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Causes of high cholesterol and how to lower it

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Wondering what cholesterol is and why too much can be harmful for your health? In this article, we will explain the reasons behind high cholesterol and give you some helpful tips on how to bring it down to a healthy level.

What is cholesterol?

Cholesterol is produced in the liver and is found in every cell in the body. It is an essential component for optimal health. Your body naturally produces cholesterol in the body, but you can increase your cholesterol intake through nutrition. Too much cholesterol can affect how well your heart and circulation works. It can cause blood vessels to become blocked increasing your risk of a heart attack or stroke. This is why it’s so important to keep cholesterol levels under control.

Types of cholesterol

There are actually several different types of cholesterol that can be found in the body, but the two main types are LDL cholesterol and HDL cholesterol.

Low-density lipoprotein (LDL)

Also known as ‘bad’ cholesterol. Too much can clog up your arteries, making them narrower - a major risk factor of heart disease.

High-density lipoprotein (HDL)

Also known as ‘good’ cholesterol. It’s a protective type of cholesterol which helps to keep your arteries clean by taking excess levels of cholesterol back to your liver where it’s re-processed and passed out of your body.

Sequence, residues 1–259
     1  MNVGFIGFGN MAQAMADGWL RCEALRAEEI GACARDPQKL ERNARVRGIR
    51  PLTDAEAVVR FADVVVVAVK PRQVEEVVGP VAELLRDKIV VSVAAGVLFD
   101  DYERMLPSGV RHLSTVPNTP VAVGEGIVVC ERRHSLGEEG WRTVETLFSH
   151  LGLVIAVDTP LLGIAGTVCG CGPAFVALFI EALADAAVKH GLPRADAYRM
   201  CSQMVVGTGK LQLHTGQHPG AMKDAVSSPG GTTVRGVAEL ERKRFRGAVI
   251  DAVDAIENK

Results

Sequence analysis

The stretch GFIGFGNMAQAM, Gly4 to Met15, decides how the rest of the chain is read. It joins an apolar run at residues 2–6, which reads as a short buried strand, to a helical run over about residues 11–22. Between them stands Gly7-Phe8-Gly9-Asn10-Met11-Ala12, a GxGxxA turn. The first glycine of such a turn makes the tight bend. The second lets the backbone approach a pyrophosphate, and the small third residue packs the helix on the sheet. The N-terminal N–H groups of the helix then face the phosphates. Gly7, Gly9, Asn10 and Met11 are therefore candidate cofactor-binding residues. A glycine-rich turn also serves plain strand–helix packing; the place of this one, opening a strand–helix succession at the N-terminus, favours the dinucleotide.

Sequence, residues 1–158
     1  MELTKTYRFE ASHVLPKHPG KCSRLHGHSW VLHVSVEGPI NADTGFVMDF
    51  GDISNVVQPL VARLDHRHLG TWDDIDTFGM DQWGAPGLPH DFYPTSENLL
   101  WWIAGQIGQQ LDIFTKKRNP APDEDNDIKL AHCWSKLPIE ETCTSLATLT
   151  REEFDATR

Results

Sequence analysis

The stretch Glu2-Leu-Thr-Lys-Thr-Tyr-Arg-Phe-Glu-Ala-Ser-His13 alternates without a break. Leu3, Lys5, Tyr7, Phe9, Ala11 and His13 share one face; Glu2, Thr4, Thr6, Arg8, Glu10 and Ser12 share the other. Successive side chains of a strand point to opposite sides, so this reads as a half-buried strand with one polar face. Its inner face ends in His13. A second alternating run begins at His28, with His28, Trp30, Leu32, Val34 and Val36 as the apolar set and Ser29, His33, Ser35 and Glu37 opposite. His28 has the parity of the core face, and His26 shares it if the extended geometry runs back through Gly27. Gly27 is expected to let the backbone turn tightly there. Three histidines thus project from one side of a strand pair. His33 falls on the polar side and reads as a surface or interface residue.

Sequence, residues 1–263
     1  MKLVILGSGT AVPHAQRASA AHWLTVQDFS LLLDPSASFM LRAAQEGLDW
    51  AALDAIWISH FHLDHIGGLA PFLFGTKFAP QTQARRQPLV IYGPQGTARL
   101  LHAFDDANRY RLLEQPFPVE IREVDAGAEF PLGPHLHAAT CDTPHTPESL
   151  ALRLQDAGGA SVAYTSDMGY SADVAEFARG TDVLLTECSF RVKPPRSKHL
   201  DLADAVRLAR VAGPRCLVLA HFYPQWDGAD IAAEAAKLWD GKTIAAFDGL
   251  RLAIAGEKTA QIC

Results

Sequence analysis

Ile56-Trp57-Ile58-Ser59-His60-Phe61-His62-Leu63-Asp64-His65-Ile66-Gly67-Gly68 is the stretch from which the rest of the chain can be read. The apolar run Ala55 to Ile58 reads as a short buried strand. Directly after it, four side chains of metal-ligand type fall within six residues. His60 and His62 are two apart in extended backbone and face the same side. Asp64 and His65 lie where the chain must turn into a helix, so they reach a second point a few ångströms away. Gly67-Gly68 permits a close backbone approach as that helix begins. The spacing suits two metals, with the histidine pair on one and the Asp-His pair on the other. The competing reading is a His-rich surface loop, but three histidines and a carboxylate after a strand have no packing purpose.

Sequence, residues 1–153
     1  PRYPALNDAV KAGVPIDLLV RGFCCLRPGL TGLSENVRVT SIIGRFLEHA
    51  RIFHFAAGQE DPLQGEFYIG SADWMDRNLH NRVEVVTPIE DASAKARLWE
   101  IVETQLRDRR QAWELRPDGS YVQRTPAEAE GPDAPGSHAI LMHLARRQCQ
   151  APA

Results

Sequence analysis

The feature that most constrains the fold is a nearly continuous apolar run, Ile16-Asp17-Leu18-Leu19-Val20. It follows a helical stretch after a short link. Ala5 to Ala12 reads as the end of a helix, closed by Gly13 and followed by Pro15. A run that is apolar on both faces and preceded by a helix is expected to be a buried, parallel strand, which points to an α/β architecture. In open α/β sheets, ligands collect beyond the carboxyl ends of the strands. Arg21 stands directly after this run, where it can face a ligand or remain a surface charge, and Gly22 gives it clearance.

Triglycerides

Triglycerides are fats carried in our blood which come from the food we eat. High levels are associated with an increased risk of heart attack and strokes.

Total cholesterol

An overall measure of both the LDL and HDL types of cholesterol found in your blood.

TC:HDL

The ratio of total cholesterol to high-density lipoprotein. A high value means there’s too much of the other types of cholesterol compared to the ‘good’ cholesterol.

Is cholesterol bad for you?

Not all cholesterol is bad for you, high-density lipoprotein or HDL is known as good cholesterol as it brings excess lipids from the blood and blood vessels to the liver so it can be processed and expelled from the body. This prevents blockages in the heart and the arteries which promotes good health.

What your cholesterol level reading means